A Georgia man is suing the state, alleging he was coerced into signing a murder confession and regularly beaten by prison guards during almost three decades in prison, according to the Atlanta Journal-Constitution.
Timothy Johnson, 53, spent 29 years in prison until a Houston County jury acquitted him of murder and robbery charges after a retrial in 2013. Johnson was accused of killing Taressa Stanley, a Kwickie Food Store clerk, in Warner Robins, Georgia, on Sept. 14, 1984, The Macon Telegraph reported.
In 2006, the Georgia Supreme Court overturned Johnson's conviction, finding Johnson hadn't been informed of his rights before his guilty plea. But it took the state more than seven years to grant Johnson a retrial, according to a federal lawsuit filed Nov. 9 by Johnson's attorneys, of the firm Krevolin and Horst of Atlanta. By that time key witnesses had died, and evidence — including the alleged murder weapon and a bullet — had been destroyed, The Telegraph reported.
According to the lawsuit, Johnson spent almost half of his 29 years in prison in solitary confinement, where he says he was restricted to a cramped, windowless cell. Johnson was only allowed out of his cell to shower, the lawsuit alleges, and over a nine-year stretch was only allowed to use the state prison's exercise yard "three or four times."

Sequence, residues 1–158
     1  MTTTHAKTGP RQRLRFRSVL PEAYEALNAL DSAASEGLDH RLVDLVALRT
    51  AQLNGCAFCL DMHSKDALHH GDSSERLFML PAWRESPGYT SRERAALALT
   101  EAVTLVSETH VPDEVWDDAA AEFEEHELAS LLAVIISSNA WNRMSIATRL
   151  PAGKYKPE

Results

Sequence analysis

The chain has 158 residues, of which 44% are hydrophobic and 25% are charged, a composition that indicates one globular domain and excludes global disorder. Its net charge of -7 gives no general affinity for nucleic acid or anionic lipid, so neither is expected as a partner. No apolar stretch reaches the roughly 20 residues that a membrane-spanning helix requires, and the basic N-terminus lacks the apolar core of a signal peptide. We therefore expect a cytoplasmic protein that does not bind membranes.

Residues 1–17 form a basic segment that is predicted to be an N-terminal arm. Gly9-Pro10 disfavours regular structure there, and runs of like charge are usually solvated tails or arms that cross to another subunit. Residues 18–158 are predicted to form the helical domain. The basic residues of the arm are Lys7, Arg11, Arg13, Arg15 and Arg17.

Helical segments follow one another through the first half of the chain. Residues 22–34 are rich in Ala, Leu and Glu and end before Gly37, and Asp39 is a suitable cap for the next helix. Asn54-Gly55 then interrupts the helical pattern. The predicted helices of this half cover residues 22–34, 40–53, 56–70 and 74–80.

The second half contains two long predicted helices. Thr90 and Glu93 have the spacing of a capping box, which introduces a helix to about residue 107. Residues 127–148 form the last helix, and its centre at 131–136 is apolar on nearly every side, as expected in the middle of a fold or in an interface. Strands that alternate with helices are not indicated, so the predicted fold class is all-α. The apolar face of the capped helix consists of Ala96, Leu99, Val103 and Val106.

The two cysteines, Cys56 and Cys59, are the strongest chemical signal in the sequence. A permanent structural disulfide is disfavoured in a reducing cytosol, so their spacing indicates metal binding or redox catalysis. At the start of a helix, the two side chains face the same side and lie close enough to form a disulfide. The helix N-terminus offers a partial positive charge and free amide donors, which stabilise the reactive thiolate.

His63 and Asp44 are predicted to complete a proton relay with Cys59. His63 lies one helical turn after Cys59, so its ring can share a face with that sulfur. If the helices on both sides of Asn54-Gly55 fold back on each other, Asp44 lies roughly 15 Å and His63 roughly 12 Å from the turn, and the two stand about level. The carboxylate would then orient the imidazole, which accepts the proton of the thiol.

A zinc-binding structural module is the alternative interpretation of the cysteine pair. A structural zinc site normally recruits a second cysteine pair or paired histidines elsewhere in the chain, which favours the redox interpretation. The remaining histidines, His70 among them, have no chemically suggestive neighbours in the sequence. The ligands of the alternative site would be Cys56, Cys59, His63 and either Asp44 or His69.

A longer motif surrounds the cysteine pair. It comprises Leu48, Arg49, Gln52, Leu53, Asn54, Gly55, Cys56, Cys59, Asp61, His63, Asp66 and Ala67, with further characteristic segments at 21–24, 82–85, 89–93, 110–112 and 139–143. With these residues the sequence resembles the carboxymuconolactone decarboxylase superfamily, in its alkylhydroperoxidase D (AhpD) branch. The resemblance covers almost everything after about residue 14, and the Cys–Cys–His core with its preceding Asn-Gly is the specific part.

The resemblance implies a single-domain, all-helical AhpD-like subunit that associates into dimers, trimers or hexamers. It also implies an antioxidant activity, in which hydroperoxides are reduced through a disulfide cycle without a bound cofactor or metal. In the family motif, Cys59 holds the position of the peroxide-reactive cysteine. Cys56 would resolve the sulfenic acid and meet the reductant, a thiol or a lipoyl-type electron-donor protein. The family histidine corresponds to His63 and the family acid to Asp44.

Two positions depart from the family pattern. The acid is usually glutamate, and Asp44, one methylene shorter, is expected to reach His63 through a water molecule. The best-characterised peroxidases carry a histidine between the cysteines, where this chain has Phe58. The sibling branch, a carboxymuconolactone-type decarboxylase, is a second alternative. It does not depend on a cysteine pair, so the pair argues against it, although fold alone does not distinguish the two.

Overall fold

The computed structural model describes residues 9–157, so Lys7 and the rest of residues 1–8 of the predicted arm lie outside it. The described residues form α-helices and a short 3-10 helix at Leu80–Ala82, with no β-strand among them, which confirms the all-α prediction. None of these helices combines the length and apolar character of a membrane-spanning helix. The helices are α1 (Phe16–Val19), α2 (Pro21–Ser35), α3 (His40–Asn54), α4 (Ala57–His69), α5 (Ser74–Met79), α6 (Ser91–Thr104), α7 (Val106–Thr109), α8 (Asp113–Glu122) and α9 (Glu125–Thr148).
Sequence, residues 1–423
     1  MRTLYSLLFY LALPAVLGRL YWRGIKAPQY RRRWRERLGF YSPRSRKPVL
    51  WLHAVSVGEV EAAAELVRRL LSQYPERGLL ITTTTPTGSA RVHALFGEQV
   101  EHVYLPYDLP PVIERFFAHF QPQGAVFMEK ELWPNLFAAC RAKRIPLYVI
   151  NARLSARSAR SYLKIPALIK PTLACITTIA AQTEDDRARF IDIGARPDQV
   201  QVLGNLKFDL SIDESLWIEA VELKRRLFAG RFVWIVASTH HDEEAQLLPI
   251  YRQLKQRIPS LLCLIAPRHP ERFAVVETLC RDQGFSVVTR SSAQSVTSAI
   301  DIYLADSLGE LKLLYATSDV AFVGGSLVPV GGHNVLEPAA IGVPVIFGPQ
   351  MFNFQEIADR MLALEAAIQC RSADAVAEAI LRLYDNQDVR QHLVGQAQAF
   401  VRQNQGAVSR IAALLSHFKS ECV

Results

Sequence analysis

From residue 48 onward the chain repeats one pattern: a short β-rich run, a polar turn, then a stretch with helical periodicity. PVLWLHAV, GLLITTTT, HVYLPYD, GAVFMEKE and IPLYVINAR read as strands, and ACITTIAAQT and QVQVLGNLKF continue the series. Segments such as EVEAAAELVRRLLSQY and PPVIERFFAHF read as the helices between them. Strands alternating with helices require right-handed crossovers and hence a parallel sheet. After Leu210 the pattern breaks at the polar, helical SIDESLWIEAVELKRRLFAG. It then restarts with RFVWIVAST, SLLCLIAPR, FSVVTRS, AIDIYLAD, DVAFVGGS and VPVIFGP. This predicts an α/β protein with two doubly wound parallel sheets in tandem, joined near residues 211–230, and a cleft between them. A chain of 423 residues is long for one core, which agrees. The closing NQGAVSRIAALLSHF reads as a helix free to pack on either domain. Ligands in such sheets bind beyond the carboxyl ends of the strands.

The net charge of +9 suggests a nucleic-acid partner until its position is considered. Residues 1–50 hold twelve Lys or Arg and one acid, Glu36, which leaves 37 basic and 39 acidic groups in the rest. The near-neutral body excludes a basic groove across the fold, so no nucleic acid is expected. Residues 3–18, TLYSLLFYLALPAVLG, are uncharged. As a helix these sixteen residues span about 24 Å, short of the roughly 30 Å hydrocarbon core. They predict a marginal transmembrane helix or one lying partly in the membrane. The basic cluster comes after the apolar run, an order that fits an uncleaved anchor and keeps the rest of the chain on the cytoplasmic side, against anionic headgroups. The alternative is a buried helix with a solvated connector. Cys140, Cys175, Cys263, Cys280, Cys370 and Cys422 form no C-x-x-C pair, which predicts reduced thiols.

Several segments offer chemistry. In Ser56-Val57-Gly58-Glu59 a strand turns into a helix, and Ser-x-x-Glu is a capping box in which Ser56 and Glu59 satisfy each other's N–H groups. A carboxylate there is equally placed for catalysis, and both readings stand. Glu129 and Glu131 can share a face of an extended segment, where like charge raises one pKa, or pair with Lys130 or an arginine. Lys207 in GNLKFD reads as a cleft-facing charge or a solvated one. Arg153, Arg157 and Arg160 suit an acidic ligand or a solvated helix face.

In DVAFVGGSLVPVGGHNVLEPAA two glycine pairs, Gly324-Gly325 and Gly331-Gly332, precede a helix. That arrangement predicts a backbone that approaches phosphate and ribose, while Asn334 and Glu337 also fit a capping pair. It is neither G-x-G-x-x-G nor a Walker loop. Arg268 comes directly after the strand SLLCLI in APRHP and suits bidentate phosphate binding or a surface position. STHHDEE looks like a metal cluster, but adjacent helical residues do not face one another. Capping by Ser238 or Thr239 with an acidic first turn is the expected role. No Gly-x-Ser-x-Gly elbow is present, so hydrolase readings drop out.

Johnson wasn't allowed to interact with other inmates or place phone calls, the lawsuit alleges, and he was forbidden from using the prison library. The former inmate says he was denied proper medical care, and the lawsuit claims a group of guards — dubbed the "Goon Squad" — broke both his knees, his right foot, a toe and a finger during weekly beatings.
The lawsuit names the state of Georgia, Houston County, the jail's wardens, several sheriff's deputies, and police detectives as defendants in the case.
The detectives and a handful of officers are accused of coercing the then-22-year-old Johnson into signing a confession by dangling him off a bridge straddling a Georgia state highway, according to The Telegraph.
"At one point it scared me so bad I told them I must be having a heart attack or something," Johnson told The Telegraph. "That's when it ended. They took me to the hospital."
Zahra Karinshak, one of the lawyers representing Johnson, told The Telegraph the her client is seeking unspecified monetary compensation and reform in the prison system's policies and oversight.